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Thanks so much for the great response of part 1 and to all that subscribe to my stories, it means a lot.
(If you haven't seen part one yet head over here.)
So, we were staying a few nights at the familiar hostel in Å, Lofoten...
Always great returning to this place and funny that I always get the same room every time I stay there. A little harsher in winter but still very cozy. This was our base and from there we headed out for excursions during the days on the windy and harsh islands of Lofoten.
Lofoten is bigger than most people realize, especially if you're driving from one "end" to the other (going from Narvik and going towards Å as we did) and you need a lot of time to take in the shifting landscape. As I mentioned in the first part I won't get into that many details on the locations of each image in the story, but rather cover it more generally. So if the first part was us going form Lappland and the two eastern of the main islands (Austvågsøya and Vestvågøya) of Lofoten...
...this second part will be more about the two western main islands - Flakstadøya and Moskenesøya. Then heading back to Lappland and Sweden.
The best thing with staying at the very end of the E10-road means that you drive past all kinds of breathtaking scenes every day, except that you get to see them in various lights and conditions.
Weather change drastically here so one view will never look the same.
Reine and the surrounding islands
A destination many has on top of their list when heading to Lofoten. It is from here that you have some of the most dramatic scenes of them all and it's very accessible from the road. This means there is usually lots of tourists and people stopping to enjoy the views.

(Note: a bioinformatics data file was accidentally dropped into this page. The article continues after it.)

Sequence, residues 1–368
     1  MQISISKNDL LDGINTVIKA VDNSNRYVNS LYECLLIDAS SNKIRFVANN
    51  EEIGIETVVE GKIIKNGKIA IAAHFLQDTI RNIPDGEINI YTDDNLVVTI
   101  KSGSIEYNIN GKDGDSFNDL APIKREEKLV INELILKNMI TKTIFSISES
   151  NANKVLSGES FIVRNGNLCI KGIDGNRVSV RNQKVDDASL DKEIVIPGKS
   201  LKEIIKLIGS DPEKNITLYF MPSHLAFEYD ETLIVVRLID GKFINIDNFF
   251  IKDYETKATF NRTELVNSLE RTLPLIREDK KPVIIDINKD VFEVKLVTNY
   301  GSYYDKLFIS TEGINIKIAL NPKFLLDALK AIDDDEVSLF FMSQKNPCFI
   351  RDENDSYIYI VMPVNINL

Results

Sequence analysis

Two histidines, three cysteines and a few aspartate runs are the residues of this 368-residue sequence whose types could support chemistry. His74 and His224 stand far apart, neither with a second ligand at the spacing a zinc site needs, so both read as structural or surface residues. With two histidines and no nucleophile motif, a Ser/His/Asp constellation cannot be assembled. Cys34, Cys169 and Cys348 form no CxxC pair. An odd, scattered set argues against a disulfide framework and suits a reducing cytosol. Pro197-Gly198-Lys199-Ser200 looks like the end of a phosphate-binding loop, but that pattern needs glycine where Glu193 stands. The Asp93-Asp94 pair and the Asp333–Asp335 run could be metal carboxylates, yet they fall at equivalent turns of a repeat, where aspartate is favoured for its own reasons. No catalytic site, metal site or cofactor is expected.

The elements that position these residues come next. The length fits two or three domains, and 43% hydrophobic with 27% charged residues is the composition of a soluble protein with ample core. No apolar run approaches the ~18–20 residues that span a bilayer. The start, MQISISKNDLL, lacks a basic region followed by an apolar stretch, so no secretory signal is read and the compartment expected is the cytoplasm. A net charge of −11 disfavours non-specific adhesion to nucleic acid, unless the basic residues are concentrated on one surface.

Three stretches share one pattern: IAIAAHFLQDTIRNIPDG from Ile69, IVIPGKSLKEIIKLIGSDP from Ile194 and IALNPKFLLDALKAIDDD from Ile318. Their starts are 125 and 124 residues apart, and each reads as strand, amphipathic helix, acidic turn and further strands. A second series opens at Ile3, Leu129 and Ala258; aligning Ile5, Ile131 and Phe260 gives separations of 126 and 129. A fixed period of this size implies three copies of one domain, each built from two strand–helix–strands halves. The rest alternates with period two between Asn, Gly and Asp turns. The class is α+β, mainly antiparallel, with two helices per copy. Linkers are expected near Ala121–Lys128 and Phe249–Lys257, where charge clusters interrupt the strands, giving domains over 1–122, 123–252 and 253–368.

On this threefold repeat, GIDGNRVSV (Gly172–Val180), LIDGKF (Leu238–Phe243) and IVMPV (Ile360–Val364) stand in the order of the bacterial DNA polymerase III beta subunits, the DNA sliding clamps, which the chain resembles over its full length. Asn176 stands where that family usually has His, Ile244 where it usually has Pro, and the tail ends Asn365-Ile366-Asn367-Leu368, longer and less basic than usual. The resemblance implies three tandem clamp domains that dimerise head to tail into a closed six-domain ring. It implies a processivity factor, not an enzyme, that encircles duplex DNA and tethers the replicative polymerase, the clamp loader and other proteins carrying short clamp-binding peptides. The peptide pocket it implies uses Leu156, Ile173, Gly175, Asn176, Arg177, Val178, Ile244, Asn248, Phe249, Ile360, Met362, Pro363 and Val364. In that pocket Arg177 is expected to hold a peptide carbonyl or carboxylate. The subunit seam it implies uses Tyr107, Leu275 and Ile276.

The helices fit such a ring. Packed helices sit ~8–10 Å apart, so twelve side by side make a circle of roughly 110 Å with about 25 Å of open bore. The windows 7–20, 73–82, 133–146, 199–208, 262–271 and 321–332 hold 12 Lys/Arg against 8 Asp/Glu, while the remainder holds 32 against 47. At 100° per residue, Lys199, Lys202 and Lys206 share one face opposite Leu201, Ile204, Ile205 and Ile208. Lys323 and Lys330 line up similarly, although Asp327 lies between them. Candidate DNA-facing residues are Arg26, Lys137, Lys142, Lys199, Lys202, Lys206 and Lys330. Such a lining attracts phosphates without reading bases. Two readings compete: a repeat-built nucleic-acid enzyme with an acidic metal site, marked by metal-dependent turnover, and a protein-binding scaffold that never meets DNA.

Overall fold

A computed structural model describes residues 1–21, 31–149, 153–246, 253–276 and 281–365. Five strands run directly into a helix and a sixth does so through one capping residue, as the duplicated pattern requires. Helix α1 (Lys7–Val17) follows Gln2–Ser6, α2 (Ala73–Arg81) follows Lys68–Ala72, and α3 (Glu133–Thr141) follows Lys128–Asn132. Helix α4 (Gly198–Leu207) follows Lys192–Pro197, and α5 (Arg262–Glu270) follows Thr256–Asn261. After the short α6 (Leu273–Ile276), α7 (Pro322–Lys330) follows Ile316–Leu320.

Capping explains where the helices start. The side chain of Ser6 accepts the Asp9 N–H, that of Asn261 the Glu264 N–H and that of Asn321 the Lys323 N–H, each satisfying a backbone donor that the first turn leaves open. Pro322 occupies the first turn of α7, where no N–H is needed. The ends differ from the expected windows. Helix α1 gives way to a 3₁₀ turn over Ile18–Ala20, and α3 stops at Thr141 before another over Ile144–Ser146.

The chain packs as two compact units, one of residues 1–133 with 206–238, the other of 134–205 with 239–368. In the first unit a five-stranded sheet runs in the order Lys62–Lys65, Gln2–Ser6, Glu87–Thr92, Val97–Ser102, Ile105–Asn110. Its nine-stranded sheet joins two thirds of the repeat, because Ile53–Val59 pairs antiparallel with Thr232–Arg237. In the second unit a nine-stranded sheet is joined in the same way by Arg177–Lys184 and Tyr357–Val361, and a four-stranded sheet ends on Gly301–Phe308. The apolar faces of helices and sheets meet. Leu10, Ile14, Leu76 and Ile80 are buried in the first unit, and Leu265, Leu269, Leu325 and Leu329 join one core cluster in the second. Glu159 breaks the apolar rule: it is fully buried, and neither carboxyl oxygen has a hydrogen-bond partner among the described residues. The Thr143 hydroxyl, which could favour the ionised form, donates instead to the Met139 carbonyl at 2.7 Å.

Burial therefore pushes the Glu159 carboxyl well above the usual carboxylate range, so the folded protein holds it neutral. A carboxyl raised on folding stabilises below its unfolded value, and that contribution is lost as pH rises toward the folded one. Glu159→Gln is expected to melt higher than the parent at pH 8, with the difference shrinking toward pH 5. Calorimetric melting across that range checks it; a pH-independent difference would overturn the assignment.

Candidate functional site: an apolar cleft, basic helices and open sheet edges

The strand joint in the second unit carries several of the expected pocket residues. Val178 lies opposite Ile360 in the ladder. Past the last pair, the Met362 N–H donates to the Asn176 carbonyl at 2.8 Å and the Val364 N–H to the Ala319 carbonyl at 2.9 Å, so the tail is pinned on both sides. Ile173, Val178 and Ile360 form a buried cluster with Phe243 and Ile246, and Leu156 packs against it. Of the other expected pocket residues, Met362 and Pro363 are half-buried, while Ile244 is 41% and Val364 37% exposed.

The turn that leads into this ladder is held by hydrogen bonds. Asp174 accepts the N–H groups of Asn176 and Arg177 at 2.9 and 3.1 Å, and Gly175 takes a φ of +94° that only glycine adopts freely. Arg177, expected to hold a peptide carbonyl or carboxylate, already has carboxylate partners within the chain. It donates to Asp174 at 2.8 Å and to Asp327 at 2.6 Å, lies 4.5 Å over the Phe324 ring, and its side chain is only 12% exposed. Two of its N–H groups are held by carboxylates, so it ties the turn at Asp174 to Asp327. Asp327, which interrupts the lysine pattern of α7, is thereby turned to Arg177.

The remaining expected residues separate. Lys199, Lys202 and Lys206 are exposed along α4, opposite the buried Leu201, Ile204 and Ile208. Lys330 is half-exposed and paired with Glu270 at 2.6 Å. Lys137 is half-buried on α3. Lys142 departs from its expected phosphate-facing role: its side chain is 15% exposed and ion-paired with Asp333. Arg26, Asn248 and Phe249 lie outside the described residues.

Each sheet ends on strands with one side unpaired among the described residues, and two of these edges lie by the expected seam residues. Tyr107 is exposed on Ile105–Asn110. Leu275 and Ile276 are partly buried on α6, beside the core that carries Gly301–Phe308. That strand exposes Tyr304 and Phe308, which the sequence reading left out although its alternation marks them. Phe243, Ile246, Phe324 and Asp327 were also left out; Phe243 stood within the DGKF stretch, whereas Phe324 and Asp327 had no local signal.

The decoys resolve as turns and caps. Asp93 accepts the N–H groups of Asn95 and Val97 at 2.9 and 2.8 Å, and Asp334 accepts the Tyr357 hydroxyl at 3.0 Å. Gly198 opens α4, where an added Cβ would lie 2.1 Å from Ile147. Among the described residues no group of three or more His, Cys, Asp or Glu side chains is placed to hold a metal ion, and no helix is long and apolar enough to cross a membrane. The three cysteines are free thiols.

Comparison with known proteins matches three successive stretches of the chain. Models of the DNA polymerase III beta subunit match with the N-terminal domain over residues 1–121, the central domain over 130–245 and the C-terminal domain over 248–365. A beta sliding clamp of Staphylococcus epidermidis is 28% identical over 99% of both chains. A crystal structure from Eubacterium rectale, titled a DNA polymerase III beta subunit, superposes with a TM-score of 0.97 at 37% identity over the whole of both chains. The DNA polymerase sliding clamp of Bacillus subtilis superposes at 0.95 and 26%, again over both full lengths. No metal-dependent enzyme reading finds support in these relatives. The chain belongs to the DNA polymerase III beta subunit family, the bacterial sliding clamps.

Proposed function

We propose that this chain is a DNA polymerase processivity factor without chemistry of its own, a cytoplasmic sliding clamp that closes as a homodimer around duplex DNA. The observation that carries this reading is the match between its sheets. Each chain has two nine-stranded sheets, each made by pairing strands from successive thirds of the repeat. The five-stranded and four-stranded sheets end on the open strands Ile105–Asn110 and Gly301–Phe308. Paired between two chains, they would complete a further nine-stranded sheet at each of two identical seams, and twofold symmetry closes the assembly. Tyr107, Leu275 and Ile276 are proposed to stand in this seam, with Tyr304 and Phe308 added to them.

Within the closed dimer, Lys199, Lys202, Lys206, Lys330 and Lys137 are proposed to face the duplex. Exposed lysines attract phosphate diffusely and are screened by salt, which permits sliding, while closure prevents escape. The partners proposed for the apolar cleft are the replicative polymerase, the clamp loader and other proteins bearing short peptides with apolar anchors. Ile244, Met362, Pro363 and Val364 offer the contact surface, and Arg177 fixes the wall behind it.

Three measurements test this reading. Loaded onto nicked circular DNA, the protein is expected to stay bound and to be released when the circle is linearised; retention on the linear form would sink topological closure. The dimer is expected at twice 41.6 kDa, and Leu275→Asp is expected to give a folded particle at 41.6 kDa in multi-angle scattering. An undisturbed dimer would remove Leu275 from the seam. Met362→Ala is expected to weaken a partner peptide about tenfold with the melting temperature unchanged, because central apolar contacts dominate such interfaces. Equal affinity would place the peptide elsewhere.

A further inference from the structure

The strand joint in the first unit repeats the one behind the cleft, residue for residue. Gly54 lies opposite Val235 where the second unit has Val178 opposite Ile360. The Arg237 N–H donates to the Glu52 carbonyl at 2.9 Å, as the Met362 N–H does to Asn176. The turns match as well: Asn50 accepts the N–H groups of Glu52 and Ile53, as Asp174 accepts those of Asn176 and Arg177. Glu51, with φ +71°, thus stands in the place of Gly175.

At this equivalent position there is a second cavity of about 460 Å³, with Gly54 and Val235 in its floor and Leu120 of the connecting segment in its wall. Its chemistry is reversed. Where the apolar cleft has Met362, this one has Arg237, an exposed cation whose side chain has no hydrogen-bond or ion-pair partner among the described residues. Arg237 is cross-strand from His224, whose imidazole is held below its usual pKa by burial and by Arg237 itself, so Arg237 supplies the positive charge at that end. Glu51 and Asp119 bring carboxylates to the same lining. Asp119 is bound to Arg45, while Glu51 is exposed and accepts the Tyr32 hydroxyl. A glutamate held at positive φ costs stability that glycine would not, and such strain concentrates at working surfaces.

The red little Rorbuer
Me and Johan took some time just walking around the little town-center (super small) and just look at all the red fishing cabins (called Rorbuer) with their thatched roofs and iconic red looks. Their rugged looks and features fits even better in a harsh winter setting than summer to be honest.
We climbed up Olenilsøya to get a proper view over this ridiculous scene in front of us. The heavy clouds and slight rain did not deter us in any way, quite the contrary it contributed to the overall experience. The palette here is quite incredible - the crystal clear turquoise water, almost orange grass and the variations of blue in the clouds. A faint rainbow did not make the landscape any less spectacular!
View over Sakrisøya and the bridges connecting the other strips of islands.
Quite the sight.
Johan taking in the landscape in his viewfinder
Some views are better than others
I've said it before - the roads here are just unbelievably adventure-esque. This particular shot below is from the bridge crossing over to Fredvang, technically between Flakstadsøya and Moskenesøya.
The roads here are so understated.
Too few take a brake and just walk along some of great stretches.
The beach at Ramberg is without a doubt one of the most photographed places of Lofoten. Surely it is a great sight and for many passing by towards the southern tip of Lofoten it is extremely conveniently located along the road. You have to go down to the beach and walk along it a couple of times, not just stay up in the parking lot.